Embedding ethics in tech innovation

By: Charles Radclyffe

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It’s almost impossible to imagine a part of work in the future that won’t be touched by technology. We can already access education and work from almost any place in the world thanks to online learning and remote work – trends that many expect to grow. Artificial intelligence is removing the administrative burden from many roles, and robotics promises to dramatically improve health and safety from warehouses to construction sites. Technology holds vast potential to improve people’s working lives and increase overall worker wellbeing.

But many experts predict that technology will also displace some workers. In 2015, a PwC survey estimated that one third of all jobs could be at risk of automation by the mid-2030s. The pandemic appears to be accelerating this transition in many industries. More than half of people worry about job loss due to automation, according to 2020’s Edelman Trust Barometer. New technology designed to make some workers’ jobs easier also can run the risk of harming workers. For example, apps and software aimed at improving communication and collaboration have enabled an ‘always on’ culture leading to troubling levels of worker burnout. None of the above are good outcomes for society or for business.

The significance of tech in the future of work means that the people and companies developing new technology have a critical role to play. The creators of tomorrow’s technology have the power to shape and impact the lives of millions of people they will never meet. Such a role in the future of work comes with great responsibility.

Ethics is an important tool for helping both tech companies and civil society understand the human impact of new technology. But ethics isn’t an exercise we can check off in an afternoon. It needs to be an ongoing activity – a dialogue among leaders, creators, users and non-users of tech about how products shape or could shape our lives. If we can make this dialogue an integral part of tech’s development and use, we have a great chance to unlock tech’s potential as a positive force in the future of work.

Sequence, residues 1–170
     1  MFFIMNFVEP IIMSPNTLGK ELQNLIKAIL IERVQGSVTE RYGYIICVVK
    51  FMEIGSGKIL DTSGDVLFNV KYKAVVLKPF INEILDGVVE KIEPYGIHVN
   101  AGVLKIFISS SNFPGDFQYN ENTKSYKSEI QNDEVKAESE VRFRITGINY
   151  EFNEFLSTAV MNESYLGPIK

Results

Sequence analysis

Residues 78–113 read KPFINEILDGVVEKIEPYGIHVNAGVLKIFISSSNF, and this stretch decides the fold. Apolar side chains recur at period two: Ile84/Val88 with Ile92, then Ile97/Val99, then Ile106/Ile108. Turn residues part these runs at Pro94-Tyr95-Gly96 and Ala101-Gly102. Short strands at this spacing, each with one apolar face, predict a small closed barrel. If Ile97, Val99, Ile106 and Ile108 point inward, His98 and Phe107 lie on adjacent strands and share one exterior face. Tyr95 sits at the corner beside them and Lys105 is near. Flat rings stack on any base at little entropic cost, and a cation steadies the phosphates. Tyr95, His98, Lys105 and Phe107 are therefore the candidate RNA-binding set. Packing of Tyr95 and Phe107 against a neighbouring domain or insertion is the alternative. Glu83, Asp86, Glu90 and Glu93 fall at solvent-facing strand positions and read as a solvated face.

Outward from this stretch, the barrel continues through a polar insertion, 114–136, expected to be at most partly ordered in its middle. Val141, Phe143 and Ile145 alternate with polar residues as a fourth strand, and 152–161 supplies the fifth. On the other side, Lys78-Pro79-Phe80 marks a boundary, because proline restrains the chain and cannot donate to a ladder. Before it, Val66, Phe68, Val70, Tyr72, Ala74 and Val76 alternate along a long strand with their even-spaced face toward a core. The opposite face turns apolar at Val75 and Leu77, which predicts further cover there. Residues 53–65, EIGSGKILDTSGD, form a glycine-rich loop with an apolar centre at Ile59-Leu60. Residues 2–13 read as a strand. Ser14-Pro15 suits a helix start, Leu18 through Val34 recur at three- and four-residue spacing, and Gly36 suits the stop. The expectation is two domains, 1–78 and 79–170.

A new era for tech

Ethics is often not the first priority in tech innovation. The industry’s culture of ‘move fast and break things’ can make taking the time to consider the ethical implications of a new product and engage with diverse groups of stakeholders challenging. In the UK, 63% of tech workers surveyed said they would like more time to consider the ethical implications of their products, according to research by the organization Dot Everyone.

This speed of development in the tech sector also can make it challenging for policymakers, workers and civil society to keep up. And while this year has seen concerted effort from governments in the U.S., Europe and China to improve regulation in the industry, finding the right balance between mitigating against harm while fostering innovation is no small task. On top of this, the tech pipeline is so complex, with many different actors involved and many aspects of new technology that are difficult even for experts to understand. This has led to an accountability vacuum in the industry – no one agrees about who should be accountable for what part of tech development when things do go wrong.

But, as described above, change is beginning. Tech workers are increasingly questioning the impact their work has on society. Consumers and investors are also growing ever more concerned and critical of the tech industry. The companies who take the time to consider the ethical implications of their products, and to engage with a broad mix of stakeholders, will be the ones that attract the best talent, and draw in customers and investors in the future.

Bringing ethics into tech innovation